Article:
CADILLAC — Cadillac Police are investigating a threat made against Cadillac High School, but there is no immediate danger to the school or district, according to Cadillac Area Public Schools Superintendent Jennifer Brown.

Brown said the district was made aware of the threat Monday evening after a student came forward with information about another student's alleged threat. She did not go into detail about the student's alleged threat, but added it was of "concerning and of a threatening nature." She also said it was a "broad" threat against the school and not a particular student or students.

After talking with the students involved Tuesday morning, Brown said it was decided to reach out to the Cadillac Police Department. She also said the student who allegedly made the threat was not in school Tuesday as he was told to stay home. The threat also was made verbally, according to Brown.

"What parents need to know is we take every threat seriously. The safety of our students is our No. 1 priority but it also is important our students report behavior or statements that propose a potential threat to others," Brown said.

The high school and district were never put on lockdown and would have been put into secure mode but Brown said police determined there wasn't a need as there was no immediate threat to the building or students.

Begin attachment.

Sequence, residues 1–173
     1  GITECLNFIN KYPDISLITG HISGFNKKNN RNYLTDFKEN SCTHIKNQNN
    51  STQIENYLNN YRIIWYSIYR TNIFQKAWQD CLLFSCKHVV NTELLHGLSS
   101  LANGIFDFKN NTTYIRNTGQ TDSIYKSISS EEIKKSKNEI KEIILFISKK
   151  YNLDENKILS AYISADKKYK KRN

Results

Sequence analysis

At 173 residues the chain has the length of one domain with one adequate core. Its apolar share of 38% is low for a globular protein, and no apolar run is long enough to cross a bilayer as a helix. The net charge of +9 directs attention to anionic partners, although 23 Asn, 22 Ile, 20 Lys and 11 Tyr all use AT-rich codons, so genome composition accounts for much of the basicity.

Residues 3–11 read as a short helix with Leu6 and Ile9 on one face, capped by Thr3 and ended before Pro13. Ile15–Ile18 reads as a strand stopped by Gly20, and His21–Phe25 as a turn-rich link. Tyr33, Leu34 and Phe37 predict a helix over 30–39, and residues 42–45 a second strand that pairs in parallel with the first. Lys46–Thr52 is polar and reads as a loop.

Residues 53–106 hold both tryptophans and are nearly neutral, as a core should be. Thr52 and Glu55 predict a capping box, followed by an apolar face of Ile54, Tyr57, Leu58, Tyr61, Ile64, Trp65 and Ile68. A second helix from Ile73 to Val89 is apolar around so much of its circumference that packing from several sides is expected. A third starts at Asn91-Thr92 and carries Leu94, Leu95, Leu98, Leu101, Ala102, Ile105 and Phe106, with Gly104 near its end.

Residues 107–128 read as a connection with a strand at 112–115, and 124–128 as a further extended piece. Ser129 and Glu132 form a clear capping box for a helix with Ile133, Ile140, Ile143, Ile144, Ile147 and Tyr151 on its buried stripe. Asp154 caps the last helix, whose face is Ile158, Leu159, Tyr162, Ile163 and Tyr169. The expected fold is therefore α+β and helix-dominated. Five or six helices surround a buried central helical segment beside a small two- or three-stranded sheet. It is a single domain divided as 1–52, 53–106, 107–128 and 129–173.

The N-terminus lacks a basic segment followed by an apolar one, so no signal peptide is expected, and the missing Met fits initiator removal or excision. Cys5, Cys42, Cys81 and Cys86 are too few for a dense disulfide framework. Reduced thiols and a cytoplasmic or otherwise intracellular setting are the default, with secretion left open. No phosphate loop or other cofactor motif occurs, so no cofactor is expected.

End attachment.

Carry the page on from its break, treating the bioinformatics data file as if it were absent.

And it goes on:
Cadillac Police Capt. Eric Eller said the department was notified Tuesday morning of the possible threats made to the school. As a result, the department investigated, identified a suspect and arrested him for allegedly making terroristic threats. The 17-year-old Cadillac teen is now awaiting arraignment in 84th District Court, Eller said.

In a press release, Eller said the department takes any threats of harm to schools very seriously. He also said officers immediately responded Tuesday to the school to assist with security while other officers investigated the threat and contacted the suspect and parents.

With the alleged threats made, Brown said students have been "really good" about reporting threats made against others, the school or of self-harm by their classmates. She also said they can do so by either using OK2SAY anonymously or by telling an adult within the school.

"We teach them to report that immediately," she said.

The full story will be in Wednesday's edition of the Cadillac News. 

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